Joel “Joseph” Weinberger, 26, was attacked while returning home on the evening of Thanksgiving from his job at the same yeshiva.

‘Kill Jews’ notes author charged with hate crime

A former Brooklyn car service driver accused of leaving notes reading ‘Kill Jews’ around New York’s Long Island was arraigned on a hate crimes charge.

Demetrios Apolonide, the driver for XYZ Car Service who was arraigned Wednesday for aggravated harassment, allegedly dropped the notes, written on torn pieces of the company’s vouchers, in the communities where he dropped off his fares, according to reports. He dropped the notes at least nine different times between September 2009 and March 2010.

Apolonide, 37, was arrested last summer in New York City on similar charges.

He told authorities he scattered the notes in order for “the Jews to find them to think it was the Muslims,” police officials said Wednesday according to Newsday.

Pig’s head left at Lithuanian synagogue

A pig’s head was left at the entrance of a synagogue in Lithuania.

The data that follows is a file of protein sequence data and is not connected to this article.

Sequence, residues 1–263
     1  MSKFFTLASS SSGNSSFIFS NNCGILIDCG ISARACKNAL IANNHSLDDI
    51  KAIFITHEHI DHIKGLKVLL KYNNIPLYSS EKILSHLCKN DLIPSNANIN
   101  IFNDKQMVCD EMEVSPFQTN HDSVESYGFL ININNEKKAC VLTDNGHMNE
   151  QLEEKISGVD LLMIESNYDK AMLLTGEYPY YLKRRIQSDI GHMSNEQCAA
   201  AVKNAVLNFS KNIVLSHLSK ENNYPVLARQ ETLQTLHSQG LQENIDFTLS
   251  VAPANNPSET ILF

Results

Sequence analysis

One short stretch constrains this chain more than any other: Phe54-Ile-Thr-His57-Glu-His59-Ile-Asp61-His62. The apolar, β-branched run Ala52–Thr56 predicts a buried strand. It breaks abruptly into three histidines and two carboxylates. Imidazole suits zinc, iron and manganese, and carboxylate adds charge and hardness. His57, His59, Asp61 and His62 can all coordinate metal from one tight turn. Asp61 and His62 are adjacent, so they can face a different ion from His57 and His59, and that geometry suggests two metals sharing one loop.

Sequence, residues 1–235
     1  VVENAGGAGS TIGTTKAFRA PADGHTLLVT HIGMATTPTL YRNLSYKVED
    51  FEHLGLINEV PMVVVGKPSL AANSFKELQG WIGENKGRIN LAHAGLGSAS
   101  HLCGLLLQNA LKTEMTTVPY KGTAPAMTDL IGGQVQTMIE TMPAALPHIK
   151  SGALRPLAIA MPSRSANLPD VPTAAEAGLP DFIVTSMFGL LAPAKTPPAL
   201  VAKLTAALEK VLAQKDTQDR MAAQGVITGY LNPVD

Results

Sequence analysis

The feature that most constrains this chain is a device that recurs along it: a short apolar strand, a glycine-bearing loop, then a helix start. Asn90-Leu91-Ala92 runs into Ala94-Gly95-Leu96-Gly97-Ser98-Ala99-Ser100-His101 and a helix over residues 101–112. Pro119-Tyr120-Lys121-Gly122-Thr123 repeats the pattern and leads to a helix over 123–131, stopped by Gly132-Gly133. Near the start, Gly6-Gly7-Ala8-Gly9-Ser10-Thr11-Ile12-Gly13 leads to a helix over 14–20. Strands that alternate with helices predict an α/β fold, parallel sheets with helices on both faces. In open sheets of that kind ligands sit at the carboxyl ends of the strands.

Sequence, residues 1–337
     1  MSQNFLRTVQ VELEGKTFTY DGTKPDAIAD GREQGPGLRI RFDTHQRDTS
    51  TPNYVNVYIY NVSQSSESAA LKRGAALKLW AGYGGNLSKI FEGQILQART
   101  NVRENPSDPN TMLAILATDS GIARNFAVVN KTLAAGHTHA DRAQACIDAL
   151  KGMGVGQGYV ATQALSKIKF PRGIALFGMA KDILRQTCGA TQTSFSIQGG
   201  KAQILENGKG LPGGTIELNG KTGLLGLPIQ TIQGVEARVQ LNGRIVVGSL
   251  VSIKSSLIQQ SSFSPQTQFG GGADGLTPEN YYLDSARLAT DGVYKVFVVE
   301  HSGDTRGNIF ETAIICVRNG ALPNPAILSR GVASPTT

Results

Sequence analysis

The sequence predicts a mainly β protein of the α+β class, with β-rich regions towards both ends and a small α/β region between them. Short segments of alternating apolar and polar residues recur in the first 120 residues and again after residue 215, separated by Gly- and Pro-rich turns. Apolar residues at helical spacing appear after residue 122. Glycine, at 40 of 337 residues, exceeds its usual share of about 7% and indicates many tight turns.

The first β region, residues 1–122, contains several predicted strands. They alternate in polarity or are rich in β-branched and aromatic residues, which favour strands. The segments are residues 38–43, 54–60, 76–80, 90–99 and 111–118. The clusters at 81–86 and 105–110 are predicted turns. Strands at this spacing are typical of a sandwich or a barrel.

The pig’s head, which reportedly had a Star of David engraved on its forehead and wore a black hat with sidelocks attached to it, was discovered last Saturday at a synagogue in the Lithuanian city of Kaunas.

Lithuanian Jewish leaders called the incident a neo-Nazi provocation, according to the European Jewish Press.  Kaunas police are investigating the incident but currently have no suspects, according to the Baltic News Service.

Up to 500 Jews live in Kaunas and about 5,000 Jews in all of Lithuania.

Suspect in hate crime attack turns himself in

A second suspect in an alleged hate crime attack against a Jewish man in Eugene, Ore., has turned himself in.

The suspect was charged Wednesday with second-degree assault in connection with the attack.

Police first made an arrest in the case Monday.